This post is a continuation of my What and Why to Eat for Optimal Health series that explores optimal eating habits and compares the pros and cons of different diets including vegan, vegetarian, raw food, and the paleo diet.
Probably the least well known of the diets I researched, The Paleo Diet is the only one that advocates meat as a primary source of nutrition. At first glance it appears like just another low carb, high protein diet like the Atkins Diet. However, there are some subtle and important differences.
“Paleo” in the name of the diet comes from the Paleolithic (caveman) period. The basic logic of the diet is that the environment humans evolved in was essentially unchanged for millions of years until the relatively recent development of farming and processed foods. Hence eating the way our paleolithic ancestors ate ensures we are eating the foods that our bodies were evolved to thrive on.
Broadly speaking, there are 3 main principles to the Paleo Diet:
- Eat as much lean meat, fruits, and vegetables as you want.
- Eat nuts, seeds, and starchy tubers (potatoes) infrequently and in moderation.
- No dairy, grains, soy, legumes, or processed foods.
If we think about the way our hunter-gatherer ancestors would have lived, these principles makes sense. Hunt all the naturally low-fat animals you can find. Pick as many fruits and veggies as you can find. Nuts and seeds by their very nature would have only been available here and there in small amounts. Unprocessed grains (think raw wheat) would have been completely inedible. And even if you could manage to catch a wild beast, good luck milking it.
The nutritional content of the diet is fairly straightforward. We get protein, and a good chunk of other nutrients, from meats. We get fiber, vitamins, minerals, and other nutrients from fruits and vegetables.
No dairy, i.e. no milk and cheese, flabbergasted me when I first read about this diet. Like most Americans, I grew up with “Got Milk?” commercials telling me to drink milk for strong bones and healthy teeth.
However, it turns out that milk is actually net acidic. Which means that while milk does contain calcium, its acidity actually leeches calcium from your bones to neutralize the acid rather than adding calcium to your bones.
Another problem with milk is lactose intolerance, which is actually a problem that grows with age (ever noticed that milk makes you fart?). Babies are born with the enzyme to digest mother’s milk and this enzyme production drops off as you get older.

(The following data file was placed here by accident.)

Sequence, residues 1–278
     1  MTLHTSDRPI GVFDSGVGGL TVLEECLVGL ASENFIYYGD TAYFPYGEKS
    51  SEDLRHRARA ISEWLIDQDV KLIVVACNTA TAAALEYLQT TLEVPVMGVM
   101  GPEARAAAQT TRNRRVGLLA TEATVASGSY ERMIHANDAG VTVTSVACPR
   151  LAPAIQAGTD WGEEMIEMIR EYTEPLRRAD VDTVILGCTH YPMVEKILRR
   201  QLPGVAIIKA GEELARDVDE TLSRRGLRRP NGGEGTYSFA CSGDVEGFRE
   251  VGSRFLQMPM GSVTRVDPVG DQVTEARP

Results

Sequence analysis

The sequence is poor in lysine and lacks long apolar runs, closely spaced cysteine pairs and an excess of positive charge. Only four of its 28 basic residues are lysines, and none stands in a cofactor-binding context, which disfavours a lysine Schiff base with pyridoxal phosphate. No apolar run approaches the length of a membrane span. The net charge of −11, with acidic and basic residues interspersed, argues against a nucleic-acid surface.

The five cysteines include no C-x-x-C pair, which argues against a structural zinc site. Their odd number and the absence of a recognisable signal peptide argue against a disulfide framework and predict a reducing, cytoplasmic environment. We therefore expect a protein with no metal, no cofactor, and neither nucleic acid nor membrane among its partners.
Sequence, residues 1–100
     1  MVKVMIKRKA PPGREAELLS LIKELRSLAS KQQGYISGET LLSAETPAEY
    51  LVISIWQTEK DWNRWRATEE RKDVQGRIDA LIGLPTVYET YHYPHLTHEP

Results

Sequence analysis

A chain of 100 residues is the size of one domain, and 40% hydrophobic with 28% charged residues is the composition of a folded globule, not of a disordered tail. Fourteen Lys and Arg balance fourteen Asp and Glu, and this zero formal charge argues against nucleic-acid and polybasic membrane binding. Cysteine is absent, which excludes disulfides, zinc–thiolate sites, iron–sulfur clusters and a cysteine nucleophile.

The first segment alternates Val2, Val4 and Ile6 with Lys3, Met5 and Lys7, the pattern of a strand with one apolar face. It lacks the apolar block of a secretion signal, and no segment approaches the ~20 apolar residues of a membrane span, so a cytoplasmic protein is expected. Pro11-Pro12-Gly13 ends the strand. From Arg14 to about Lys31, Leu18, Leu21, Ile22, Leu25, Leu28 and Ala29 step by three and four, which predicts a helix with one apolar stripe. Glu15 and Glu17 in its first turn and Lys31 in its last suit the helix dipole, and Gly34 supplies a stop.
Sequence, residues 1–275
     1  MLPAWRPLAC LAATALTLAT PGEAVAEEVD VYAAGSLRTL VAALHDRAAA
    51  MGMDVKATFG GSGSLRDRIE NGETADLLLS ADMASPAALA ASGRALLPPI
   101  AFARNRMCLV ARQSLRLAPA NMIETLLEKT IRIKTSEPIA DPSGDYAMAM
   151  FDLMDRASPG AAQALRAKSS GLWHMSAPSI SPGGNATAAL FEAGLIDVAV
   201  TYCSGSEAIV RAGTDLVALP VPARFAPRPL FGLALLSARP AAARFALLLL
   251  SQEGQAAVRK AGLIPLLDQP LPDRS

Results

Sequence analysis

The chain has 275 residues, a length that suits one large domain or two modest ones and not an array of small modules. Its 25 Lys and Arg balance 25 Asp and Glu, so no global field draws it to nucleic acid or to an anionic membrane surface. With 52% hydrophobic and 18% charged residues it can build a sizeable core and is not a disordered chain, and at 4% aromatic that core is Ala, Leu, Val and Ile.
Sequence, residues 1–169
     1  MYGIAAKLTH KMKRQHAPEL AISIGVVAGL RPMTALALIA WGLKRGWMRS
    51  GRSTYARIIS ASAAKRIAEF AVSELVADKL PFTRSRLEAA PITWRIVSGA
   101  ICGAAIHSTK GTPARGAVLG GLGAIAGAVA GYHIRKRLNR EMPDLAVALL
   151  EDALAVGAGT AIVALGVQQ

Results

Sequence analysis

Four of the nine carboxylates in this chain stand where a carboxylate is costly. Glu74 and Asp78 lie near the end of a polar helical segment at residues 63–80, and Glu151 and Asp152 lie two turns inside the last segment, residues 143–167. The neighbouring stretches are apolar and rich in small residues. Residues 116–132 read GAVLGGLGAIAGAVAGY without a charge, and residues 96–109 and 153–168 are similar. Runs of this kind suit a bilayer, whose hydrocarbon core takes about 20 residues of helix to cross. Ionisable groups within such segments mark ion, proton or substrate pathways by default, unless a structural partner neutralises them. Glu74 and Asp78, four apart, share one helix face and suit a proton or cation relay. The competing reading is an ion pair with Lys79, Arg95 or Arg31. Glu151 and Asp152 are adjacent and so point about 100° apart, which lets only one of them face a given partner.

No grains (wheat, corn, barley, etc.) is a double whammy. No milk and now no grains? Surely this diet must be insane. Grains are the base of the USDA food pyramid (issued by the government of the United States!).
However, it turns out that dairy and grains are big business (with big federal subsidies) and the USDA may have its constituents more in mind than the health of us citizens. One analysis discovered that the USDA food pyramid was the same dietary breakdown as hog feed used to make pigs fatter–this should provide some obvious clues to rising obesity in America.
The main problem with grains is a protein called gluten. It damages your stomach lining and intestines. It has also been linked to cancer, diabetes, and a host of other health problems.
If that weren’t enough, grains actually contain anti-nutrients called lectins that are natural insecticides plants generate to fend off bugs. It turns out that they’re not so good for human health either.
The other health hazzard related to grains is processed foods, which nearly all contain high fructose corn syrup–a sugar made from corn. This sweetener is in nearly every food that “doesn’t grow that way” including Coke, bread, cereal, candy bars, frozen pizza.
Soy and legumes are also ruled out because of their anti-nutrients. Soy may be particularly damaging to young boys because it contains an artificial estrogen. Starchy tubers (potatoes) are problematic because of their high carbohydrate (sugar) content.
For me, the scientific evidence overwhelmingly points to a Paleo Diet of mostly meats, vegetables, and fruits as the optimal way for humans to eat. Modern food related ailments, examinations of paleolithic teeth, and the findings of many pre-historic cook sites filled with charred, cut-marked bones make it abundantly clear that this is the way our ancestors ate and the way that we should be eating as well. I personally have been following The Paleo Diet principles for the past three years with excellent results.
The one downfall of the Paleo Diet is ethical concerns over killing animals for food. It does not sit well with me that another living creature has to die for my dinner. The main reason for my recent push through nutrition literature was to see if there are viable meat-free alternatives such as veganism or vegetarianism.
In the next post I will take a brief interlude from the discussion of diets to take a closer look at the impact of Organic, Conventionally Grown, and Genetically Modified Foods on our health.